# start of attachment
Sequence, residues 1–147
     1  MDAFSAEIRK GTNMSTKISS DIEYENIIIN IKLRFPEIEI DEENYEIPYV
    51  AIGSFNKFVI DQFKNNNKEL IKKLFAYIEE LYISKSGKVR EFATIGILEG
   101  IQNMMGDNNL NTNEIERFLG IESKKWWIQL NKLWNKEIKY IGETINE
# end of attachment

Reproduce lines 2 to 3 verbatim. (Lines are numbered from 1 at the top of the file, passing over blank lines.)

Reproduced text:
     1  MDAFSAEIRK GTNMSTKISS DIEYENIIIN IKLRFPEIEI DEENYEIPYV
    51  AIGSFNKFVI DQFKNNNKEL IKKLFAYIEE LYISKSGKVR EFATIGILEG